These are very important to get the correct message across. (www.articlesbase.com/information-technology-articles) In a survey carried out by CNN in the United States it stated that “85% of those surveyed thought that body language was either a very important or absolutely crucial factor to bare in mind when delivering a message to a group of people”. (www.communication-skills). If you use your body language well it can enhance the message you are trying to deliver and demonstrates effective communication skills. Use it badly and it can have the opposite effect. An example could be the trainer who is slouching in there chair and rolling there eyes this gives the impression you are not interested so why would the learners want to listen. Listening is vital as a trainer you need to show that you value the input of the learners, if you start looking out around the room or start talking over the learner it is showing a disregard for the what the learner is trying to say. We also need to observe the body language our learners are showing when we are delivering the message to see if they the message is being understood or to gage if they are listening to what we are saying as trainers. A learner sitting looking out the window or fiddling with there phone is possibly showing signs of not understanding, “Non verbal signals or even verbal signals, from the students should give us valuable feedback on the quality of communication”.(Reece, Walker, 2003, p271). We need to be aware of how we stand when delivering the message, if we are talking whist facing away from the learners it could result in parts of the message not getting across. Some students may also rely on lip reading.
The other barriers that can play a part in enabling learning in the class room setting are, Lay out of the room - this is very important as being comfortable can play a part in how much of the message being delivered is retained. Learners need to be able to see you as the trainer and the board without straining there necks. We need to allow time prior to the lesson to change the room around if possible The temperature of the room - is it to hot or to cold. As trainers we don’t always have full control of the environment if we know that in the morning the room is cold then we can suggest that learners bring jumpers or locate a maintenance person to ask if there is anything that can be done. The lighting - is it to bright or not light enough, can you use natural lighting. Noise - this can be from traffic or building work outside.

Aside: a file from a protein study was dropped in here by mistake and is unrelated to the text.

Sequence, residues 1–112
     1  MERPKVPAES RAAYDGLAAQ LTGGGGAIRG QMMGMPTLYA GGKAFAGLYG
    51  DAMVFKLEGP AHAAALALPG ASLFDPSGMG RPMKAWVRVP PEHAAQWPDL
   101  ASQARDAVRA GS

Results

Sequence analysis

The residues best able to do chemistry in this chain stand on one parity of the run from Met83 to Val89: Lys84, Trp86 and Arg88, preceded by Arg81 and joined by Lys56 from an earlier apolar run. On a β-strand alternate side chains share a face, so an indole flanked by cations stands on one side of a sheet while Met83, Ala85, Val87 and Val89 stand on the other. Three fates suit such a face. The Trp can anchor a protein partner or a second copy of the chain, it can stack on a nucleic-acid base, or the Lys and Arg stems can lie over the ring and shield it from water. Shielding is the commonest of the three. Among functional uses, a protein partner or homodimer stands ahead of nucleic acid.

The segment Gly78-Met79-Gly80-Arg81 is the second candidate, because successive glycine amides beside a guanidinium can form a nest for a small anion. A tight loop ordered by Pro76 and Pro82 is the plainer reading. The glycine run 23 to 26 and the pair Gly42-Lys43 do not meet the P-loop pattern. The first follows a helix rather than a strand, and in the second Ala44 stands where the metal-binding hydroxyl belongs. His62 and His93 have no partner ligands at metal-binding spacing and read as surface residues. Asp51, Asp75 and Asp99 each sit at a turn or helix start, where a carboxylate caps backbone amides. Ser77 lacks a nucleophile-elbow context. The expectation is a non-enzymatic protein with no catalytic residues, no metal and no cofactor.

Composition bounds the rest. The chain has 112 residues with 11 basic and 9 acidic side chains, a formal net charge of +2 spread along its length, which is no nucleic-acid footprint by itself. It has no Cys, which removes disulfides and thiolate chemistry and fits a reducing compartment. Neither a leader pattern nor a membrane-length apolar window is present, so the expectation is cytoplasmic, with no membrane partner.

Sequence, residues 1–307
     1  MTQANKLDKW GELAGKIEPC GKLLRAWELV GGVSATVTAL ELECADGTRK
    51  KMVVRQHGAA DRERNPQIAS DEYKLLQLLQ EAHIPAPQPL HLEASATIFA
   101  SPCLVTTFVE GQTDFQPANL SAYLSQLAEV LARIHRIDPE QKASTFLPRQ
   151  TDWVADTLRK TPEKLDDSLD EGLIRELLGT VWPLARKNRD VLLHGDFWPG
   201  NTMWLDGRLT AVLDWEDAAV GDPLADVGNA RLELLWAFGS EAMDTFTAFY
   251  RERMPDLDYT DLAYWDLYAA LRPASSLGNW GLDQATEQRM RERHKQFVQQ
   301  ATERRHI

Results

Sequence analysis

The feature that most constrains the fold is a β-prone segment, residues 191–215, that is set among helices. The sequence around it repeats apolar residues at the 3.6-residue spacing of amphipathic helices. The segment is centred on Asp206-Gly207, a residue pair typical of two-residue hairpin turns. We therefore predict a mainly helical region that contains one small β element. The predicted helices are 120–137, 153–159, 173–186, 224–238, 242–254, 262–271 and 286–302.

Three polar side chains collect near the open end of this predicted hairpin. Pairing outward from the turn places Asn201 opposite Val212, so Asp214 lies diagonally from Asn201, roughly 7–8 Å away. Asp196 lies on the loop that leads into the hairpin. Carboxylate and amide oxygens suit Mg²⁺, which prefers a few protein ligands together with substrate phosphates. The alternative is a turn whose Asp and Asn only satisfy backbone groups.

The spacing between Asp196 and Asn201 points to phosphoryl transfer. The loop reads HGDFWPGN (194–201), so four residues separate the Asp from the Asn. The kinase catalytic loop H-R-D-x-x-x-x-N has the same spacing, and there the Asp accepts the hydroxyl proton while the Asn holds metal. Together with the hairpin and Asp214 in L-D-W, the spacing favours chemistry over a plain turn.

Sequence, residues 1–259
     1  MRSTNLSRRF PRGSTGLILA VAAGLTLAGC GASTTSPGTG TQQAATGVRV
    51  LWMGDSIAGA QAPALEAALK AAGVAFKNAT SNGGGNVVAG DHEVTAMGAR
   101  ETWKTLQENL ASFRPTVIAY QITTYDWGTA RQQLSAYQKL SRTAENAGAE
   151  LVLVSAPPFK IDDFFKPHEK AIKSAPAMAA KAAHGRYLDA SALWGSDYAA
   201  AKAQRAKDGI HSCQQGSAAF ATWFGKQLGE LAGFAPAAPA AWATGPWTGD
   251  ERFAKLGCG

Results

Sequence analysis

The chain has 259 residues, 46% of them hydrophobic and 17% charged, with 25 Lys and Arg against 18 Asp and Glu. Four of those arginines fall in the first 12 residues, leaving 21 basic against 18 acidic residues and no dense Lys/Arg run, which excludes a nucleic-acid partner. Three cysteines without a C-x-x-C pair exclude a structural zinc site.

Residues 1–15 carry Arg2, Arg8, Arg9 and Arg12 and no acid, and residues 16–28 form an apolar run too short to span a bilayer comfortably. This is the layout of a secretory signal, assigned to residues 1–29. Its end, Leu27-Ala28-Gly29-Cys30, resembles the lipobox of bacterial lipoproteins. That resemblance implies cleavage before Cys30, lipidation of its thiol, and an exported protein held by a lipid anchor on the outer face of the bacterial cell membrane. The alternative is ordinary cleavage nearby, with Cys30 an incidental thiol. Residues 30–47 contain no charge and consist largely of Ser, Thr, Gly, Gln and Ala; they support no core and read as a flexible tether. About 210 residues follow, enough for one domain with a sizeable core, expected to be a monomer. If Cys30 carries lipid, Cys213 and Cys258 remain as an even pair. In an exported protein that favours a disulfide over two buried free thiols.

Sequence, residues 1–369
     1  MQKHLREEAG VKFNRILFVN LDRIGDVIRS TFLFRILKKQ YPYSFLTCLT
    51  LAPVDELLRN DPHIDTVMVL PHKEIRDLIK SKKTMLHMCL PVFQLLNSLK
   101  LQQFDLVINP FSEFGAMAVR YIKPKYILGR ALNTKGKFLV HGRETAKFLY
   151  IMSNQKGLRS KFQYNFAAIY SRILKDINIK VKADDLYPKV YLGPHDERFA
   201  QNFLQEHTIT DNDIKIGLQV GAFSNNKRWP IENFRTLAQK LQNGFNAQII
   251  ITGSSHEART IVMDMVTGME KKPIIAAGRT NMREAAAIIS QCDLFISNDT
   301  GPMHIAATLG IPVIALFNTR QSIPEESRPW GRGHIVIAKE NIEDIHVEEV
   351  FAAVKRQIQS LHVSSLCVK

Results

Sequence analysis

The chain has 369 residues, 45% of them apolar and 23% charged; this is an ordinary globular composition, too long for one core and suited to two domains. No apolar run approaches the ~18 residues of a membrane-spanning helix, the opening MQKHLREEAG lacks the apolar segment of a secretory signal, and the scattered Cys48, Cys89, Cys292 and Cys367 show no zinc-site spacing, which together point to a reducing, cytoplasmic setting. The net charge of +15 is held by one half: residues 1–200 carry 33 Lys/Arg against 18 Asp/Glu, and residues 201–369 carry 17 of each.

We need to take in to account learners who may require extra help. As trainers we add on to the notifications we send out a section stating if you require additional help then please contact the trainer prior to the event so as a trainer you can ensure that you don’t rely only on method of delivering but a variety of methods.
In conclusion we have realised that as a trainer we have to be able to adapt the way in which we deliver the course material to suit each individual learner. We need to be aware of the hidden messages that we can give off and also become very good at spotting the negative messages that our learners may give off. We need to remember that the learner who is not listening and who’s body language is confrontational may not always mean they are not interested in learning but perhaps the way in which you are delivering the message does not suit there learning style. We need to be able to give the learners the opportunity to give us feedback as again this will indicate to us as trainers how well they have decoded the message we have given out. This can be in a variety of ways, evaluation sheets at the end of the course, assessments or through oral questioning throughout the session. There are elements of the way the message is received that are in our control but we also need to be aware of the things that are not and learn from these to grow as trainers. Communication is not just about what we say it but how we say it and plays a big part in the amount or quality of learning that happens in the classroom.